Friday, May 12, 2017


The War on Drugs hasn't worked, so of course Jeff Sessions intends to escalate it:
Sessions moves to lengthen drug sentences

Attorney General Jeff Sessions is reversing one of the central elements of the Obama administration's criminal justice reform agenda: a Justice Department policy that led to prosecutors in drug cases often filing charges in a way that avoided triggering mandatory minimum sentences in federal law.

Sessions is withdrawing a 2013 directive from Attorney General Eric Holder that instructed federal prosecutors not to specify the amount of drugs involved when charging low-level and non-violent drug offenders. That policy effectively gave judges discretion to set sentences lower than the mandatory punishments ranging from five years to life in prison federal law dictates when someone is convicted of a crime involving a certain quantity of illegal drugs....

Sessions' move bucks a growing trend in recent years—in Washington and in states across the country—to abandon some of the harshest sentencing policies created in the 1980s-era war on drugs.
Critics of the attorney general are likely to see this as a war on non-white people. Sessions (and Trump) supporters are likely to see it that way as well. Sessions himself probably sees the policy change that way.

But there's a drug epidemic in many parts of white America right now, so there's a reasonable chance that a lot of whites will get caught in the Sessions dragnet. I'm not sure how many of them will be Trump voters, but they'll be the neighbors of Trump voters.

How will those Trump voters react? This might upset them -- or they might approve. There's anecdotal evidence that Trump's base isn't really white voters who have fallen through the cracks, but more successful members of communities in which others have fallen through the cracks.

Alec MacGillis wrote this in The New York Times in November 2015, a year before Trump's victory:
The people in these communities who are voting Republican in larger proportions are those who are a notch or two up the economic ladder — the sheriff’s deputy, the teacher, the highway worker, the motel clerk, the gas station owner and the coal miner. And their growing allegiance to the Republicans is, in part, a reaction against what they perceive, among those below them on the economic ladder, as a growing dependency on the safety net, the most visible manifestation of downward mobility in their declining towns....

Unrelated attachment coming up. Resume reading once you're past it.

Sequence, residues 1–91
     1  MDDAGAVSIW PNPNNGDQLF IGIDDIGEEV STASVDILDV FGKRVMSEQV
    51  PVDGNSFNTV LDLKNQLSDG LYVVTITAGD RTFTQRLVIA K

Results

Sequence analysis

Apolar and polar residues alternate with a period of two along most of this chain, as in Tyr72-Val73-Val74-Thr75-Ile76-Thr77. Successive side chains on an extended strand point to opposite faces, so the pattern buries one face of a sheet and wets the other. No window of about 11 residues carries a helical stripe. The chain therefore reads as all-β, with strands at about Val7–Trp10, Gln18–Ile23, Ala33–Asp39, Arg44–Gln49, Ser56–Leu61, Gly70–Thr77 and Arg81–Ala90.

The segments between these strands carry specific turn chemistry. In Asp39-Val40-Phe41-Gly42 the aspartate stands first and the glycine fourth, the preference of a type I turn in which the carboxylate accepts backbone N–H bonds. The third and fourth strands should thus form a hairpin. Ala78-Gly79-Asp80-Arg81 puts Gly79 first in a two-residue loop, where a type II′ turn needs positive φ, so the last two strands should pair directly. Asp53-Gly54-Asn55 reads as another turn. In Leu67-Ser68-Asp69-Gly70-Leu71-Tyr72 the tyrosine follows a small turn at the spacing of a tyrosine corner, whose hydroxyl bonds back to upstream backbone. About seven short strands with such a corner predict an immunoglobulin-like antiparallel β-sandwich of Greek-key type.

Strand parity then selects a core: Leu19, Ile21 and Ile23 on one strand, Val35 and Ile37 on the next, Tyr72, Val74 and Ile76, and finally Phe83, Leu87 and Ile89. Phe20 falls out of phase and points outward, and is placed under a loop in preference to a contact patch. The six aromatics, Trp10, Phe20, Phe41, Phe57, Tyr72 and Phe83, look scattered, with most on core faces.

With reliance on government benefits so prevalent, it creates constant moments of friction, on very intimate terms, said Jim Cauley, a Democratic political consultant from Pike County, a former Democratic bastion in eastern Kentucky that has flipped Republican in the past decade. “There are a lot of people on the draw,” he said. Where opposition to the social safety net has long been fed by the specter of undeserving inner-city African-Americans — think of Ronald Reagan’s notorious “welfare queen” — in places like Pike County it’s fueled, more and more, by people’s resentment over rising dependency they see among their own neighbors, even their own families. “It’s Cousin Bobby — ‘he’s on Oxy and he’s on the draw and we’re paying for him,’” Mr. Cauley said. “If you need help, no one begrudges you taking the program — they’re good-hearted people. It’s when you’re able-bodied and making choices not to be able-bodied.” The political upshot is plain, Mr. Cauley added. “It’s not the people on the draw that’s voting against” the Democrats, he said. “It’s everyone else.”
So the new Sessions policies might send a lot of Trump Country whites to prison (while doing nothing to slow the drug epidemic) -- and Trump voters will probably give that a thumbs-up.

On the other hand, the new approach might be applied selectively:
While the new policy does instruct prosecutors to generally pursue the most serious provable charge, it does allow for exceptions based on "good judgment." The policy does not list any criteria for those exceptions....
Melanin level?

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